CMYK Printing Demonstration using 4 Individual Colour Acrylic Slides
Having come from the traditional side of commercial printing, whilst serving out my apprenticeship, I found this simple demonstration of 4 colour CMYK Printing to be pretty useful.
If you’ve not had the opportunity to work in a printers, or watch a 4 colour CMYK press at work, it’s not always so clear as to how the CYMK process of layering each ink: Cyan, Magenta, Yellow and Black.
CMYK Printing Gif
This simple GIF: larger version at this link: http://i.imgur.com/DrLJmHf.gifv really does do a great job of showing how each progressive layer of CMYK builds up to the final CMYK composite.
I’ve saved an individual frame, as each acrylic slide is about to be put down, in the images below, starting with Black (often referred to as the letter ‘K’).
Cyan Acrylic Slide
Magenta Acrylic Slide
Yellow Acrylic Slide
Black Acrylic Slide
Composite of all CMKY Acrylic Slides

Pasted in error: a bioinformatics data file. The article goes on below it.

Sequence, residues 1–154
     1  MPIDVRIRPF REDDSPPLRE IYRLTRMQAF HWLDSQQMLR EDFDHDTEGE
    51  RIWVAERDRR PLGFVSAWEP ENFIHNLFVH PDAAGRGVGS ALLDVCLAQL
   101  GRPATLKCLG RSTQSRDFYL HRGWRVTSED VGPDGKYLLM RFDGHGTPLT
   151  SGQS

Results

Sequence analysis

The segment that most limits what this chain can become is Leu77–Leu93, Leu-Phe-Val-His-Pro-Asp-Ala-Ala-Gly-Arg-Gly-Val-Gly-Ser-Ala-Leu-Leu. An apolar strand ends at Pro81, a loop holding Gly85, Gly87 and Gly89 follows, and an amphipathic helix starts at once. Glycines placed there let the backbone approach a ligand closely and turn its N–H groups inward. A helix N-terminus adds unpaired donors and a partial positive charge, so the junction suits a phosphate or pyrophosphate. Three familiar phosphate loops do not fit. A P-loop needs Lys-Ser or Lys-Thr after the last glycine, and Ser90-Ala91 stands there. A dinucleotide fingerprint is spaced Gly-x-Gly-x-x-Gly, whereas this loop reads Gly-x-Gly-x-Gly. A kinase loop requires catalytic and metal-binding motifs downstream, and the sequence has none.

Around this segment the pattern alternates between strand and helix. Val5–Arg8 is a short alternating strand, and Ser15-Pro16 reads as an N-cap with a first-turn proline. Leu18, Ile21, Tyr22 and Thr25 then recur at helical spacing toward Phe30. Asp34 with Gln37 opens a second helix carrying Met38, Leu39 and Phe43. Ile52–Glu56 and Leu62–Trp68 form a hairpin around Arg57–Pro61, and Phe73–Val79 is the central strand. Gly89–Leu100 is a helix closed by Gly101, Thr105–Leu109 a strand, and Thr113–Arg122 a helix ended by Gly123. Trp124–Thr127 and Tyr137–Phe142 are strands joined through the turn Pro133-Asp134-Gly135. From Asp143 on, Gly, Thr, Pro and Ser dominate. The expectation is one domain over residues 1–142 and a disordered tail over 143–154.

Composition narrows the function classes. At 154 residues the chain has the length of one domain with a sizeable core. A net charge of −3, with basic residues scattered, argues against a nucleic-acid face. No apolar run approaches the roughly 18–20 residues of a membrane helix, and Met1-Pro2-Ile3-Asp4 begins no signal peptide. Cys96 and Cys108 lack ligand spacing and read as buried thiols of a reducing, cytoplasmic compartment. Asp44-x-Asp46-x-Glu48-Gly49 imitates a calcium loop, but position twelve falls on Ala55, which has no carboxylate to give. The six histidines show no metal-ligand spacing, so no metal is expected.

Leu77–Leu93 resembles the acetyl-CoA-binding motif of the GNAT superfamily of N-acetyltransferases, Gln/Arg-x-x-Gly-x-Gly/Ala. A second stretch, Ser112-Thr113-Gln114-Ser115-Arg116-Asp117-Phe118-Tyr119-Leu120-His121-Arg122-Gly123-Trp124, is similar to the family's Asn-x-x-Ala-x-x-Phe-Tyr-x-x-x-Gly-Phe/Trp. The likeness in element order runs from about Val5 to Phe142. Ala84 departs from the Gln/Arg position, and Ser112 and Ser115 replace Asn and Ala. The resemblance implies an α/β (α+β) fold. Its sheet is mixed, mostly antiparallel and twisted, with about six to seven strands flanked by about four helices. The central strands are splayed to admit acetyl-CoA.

The CMYK color model
Wikipedia: The CMYK color model (/smaɪk/; process color, four color) is a subtractive color model, based on the CMY color model, used in color printing, and is also used to describe the printing process itself. CMYK refers to the four ink plates used in some color printing: cyan, magenta, yellow, and key (black).
The CMYK model works by partially or entirely masking colors on a lighter, usually white, background. The ink reduces the light that would otherwise be reflected. Such a model is called subtractive because inks “subtract” the colors red, green and blue from white light. White light minus red leaves cyan, white light minus green leaves magenta, and white light minus blue leaves yellow.
In additive color models, such as RGB, white is the “additive” combination of all primary colored lights, while black is the absence of light. In the CMYK model, it is the opposite: white is the natural color of the paper or other background, while black results from a full combination of colored inks. To save cost on ink, and to produce deeper black tones, unsaturated and dark colors are produced by using black ink instead of the combination of cyan, magenta, and yellow.
About this PostWritten by: Graham Smith:
Date of PublicationFirst Published on: 2019/11/01 and Updated on: 2019/11/18
Post CategoriesFiled In Categories: Colour, Design Essentials, Resources
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